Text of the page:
Many modern hospitality businesses, like cafes and restaurants, hotels and bed-and-breakfasts, theme parks and public transport, are already transitioning to managing their business and customers in the digital space, by utilising emerging software like cloud booking and SaaS. However, the recent COVID-19 pandemic may be set to significantly speed up this change, forcing hospitality businesses to adopt more efficient methods of tracking and tracing customers and recording traffic to their stores/locations.
Up until now, the track-and-trace system of slowing the spread of coronavirus and locking down local outbreaks has been highly recommended but not compulsory for most businesses. With the latest restrictions in the United Kingdom, however, all hospitality businesses are forced to keep track of all customers to their venues and provide data to the government if there are positive Covid-19 tests that have been linked to their business. That might be employees, customers or visitors.
Disadvantages for customers
Obviously the new track-and-trace for hospitality restrictions will greatly impact customers, who are now compelled to leave their personal information in order to visit a venue like a bar or restaurant. This is important so that the government can enclose and mitigate the damage of a sudden outbreak or potential surge in cases if one or several people get ill and are linked to a hospitality venue. The restrictions are necessary and extremely crucial for catching outbreaks before they have the chance to scale.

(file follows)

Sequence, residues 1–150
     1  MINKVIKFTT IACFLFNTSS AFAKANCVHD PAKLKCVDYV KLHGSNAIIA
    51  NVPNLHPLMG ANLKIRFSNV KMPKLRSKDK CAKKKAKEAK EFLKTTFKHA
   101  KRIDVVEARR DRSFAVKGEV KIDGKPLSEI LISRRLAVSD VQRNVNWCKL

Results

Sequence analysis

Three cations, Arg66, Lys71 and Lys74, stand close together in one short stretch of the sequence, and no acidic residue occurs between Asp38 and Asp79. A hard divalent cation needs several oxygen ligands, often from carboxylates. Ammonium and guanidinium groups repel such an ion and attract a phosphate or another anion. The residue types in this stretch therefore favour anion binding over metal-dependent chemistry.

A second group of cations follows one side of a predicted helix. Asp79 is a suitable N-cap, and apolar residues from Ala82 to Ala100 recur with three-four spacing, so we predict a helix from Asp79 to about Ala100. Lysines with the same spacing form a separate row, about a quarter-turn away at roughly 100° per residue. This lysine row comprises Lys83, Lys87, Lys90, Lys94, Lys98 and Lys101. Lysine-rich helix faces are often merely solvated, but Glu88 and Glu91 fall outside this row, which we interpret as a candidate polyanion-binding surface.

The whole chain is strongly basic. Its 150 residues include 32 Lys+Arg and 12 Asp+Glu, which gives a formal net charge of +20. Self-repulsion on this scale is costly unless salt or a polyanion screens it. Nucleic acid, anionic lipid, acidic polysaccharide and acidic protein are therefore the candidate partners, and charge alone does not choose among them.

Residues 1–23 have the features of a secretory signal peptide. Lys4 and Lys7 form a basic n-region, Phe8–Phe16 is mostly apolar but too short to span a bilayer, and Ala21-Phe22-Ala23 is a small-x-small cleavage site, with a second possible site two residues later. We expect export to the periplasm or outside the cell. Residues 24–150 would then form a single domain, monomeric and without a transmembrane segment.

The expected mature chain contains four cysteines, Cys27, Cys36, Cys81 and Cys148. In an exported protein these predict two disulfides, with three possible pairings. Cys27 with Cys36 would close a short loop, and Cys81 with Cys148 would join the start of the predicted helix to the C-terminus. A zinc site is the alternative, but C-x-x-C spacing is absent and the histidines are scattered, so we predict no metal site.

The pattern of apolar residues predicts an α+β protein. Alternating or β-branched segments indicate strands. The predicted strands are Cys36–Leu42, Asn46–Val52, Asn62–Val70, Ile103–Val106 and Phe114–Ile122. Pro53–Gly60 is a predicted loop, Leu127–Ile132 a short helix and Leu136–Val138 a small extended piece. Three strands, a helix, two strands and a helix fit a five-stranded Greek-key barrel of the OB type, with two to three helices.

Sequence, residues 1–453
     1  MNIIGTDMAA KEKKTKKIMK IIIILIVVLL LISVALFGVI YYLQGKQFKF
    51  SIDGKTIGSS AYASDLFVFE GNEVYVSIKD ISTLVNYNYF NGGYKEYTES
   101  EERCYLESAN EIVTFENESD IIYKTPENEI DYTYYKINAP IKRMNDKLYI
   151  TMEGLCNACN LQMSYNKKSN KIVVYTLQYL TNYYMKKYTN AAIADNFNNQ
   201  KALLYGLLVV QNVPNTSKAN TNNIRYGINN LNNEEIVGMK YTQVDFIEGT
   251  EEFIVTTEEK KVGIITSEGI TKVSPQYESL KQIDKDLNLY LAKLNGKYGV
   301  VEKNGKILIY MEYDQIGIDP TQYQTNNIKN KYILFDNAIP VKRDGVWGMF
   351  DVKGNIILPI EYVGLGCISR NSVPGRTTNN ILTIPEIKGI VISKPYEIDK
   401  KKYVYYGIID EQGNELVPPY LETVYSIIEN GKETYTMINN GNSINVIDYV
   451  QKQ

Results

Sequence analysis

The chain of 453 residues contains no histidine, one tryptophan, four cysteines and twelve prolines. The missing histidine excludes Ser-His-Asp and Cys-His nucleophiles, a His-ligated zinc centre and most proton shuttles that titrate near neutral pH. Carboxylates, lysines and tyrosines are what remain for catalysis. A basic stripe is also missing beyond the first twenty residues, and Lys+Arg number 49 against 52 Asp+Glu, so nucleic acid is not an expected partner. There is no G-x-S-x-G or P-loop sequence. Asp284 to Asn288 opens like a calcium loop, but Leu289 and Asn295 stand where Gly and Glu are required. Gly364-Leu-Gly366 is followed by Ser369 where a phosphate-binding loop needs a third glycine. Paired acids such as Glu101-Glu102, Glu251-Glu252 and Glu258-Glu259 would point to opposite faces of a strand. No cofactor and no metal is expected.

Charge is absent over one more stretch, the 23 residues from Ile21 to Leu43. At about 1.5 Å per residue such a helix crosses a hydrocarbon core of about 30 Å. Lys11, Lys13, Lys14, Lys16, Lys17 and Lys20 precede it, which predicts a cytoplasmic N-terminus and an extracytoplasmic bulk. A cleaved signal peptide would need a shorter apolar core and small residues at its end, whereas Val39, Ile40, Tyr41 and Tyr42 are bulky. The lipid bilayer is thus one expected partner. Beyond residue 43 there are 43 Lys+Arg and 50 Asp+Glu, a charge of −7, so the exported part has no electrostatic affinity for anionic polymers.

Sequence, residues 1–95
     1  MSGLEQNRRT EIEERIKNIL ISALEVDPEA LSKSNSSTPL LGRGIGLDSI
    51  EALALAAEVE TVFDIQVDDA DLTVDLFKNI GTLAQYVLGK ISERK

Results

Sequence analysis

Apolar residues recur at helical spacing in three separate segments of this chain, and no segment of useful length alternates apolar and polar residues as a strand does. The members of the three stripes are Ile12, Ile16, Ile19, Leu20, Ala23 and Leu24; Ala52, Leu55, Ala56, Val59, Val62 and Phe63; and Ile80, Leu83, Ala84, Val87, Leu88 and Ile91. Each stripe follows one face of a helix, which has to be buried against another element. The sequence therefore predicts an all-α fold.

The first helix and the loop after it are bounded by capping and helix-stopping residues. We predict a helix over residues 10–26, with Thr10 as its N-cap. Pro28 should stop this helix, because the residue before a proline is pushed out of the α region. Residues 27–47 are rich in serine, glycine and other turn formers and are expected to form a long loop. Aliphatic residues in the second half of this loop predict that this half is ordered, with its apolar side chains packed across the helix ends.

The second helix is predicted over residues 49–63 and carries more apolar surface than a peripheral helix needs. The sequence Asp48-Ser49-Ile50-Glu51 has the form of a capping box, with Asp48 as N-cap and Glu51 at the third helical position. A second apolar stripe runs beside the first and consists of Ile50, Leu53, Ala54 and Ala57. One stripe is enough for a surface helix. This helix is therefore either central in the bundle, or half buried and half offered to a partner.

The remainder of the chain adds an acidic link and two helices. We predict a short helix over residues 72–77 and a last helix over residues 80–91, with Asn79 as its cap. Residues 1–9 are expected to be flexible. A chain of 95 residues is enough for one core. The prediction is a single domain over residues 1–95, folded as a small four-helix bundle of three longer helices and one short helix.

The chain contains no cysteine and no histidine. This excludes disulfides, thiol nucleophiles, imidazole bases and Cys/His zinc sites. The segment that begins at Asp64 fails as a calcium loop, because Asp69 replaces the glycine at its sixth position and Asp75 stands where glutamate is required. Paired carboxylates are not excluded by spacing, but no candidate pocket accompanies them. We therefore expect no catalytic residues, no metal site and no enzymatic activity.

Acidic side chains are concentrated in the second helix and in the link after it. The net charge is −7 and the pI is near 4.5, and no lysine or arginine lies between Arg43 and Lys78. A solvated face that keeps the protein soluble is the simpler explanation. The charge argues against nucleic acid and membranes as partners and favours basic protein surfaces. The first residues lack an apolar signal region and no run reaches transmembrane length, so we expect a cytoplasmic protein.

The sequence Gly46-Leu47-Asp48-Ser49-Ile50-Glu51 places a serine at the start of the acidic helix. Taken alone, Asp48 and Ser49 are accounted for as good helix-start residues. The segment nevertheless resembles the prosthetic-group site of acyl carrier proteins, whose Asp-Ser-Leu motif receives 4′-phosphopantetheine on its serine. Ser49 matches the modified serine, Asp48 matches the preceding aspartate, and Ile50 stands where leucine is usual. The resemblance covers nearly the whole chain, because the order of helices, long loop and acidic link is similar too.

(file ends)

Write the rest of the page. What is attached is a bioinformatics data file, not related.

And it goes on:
Though these restrictions are in the best interest of customers, it will come with disadvantages. Businesses may see less customers and less spending due to reluctance to leave personal details and concerns about privacy, while visitors cannot assemble in large groups and can’t enjoy their favourite establishments like they used to.
Disadvantages for businesses
The track and trace restrictions enforced on all hospitality businesses could drastically affect sales and popularity, as previously crowded venues are quickly abandoned in favour of locations which are perceived as safer. Overall reduced spending and less trips out are very likely, meaning businesses will have to compensate for this by more heavy promotional campaigns and a greater focus on making coronavirus safety information widely available to their consumers.
As well as depending ever more heavily on online software suites for managing these campaigns and completing promotional projects, hospitality businesses now face the burden of tracking the details of all their customers. Being the twenty-first century, most businesses will turn to online database tools and a quickly rising plethora of popular ‘track and trace for business’ apps, in order to keep their customers’ visiting details accessible to show authorities if an outbreak occurs.
Furthermore, there is opportunity for a lot of growth in the SaaS market and online tools, as entrepreneurs quickly jump to the opportunity of developing tools for the track and trace system. While the track and trace restrictions will be a continuing problem for consumers and hospitality businesses, there will be a lot more room for developers and software-providing businesses to innovate during this time.
Useful Guidance from the official .gov website:
Maintaining records of staff, customers and visitors to support NHS Test and Trace.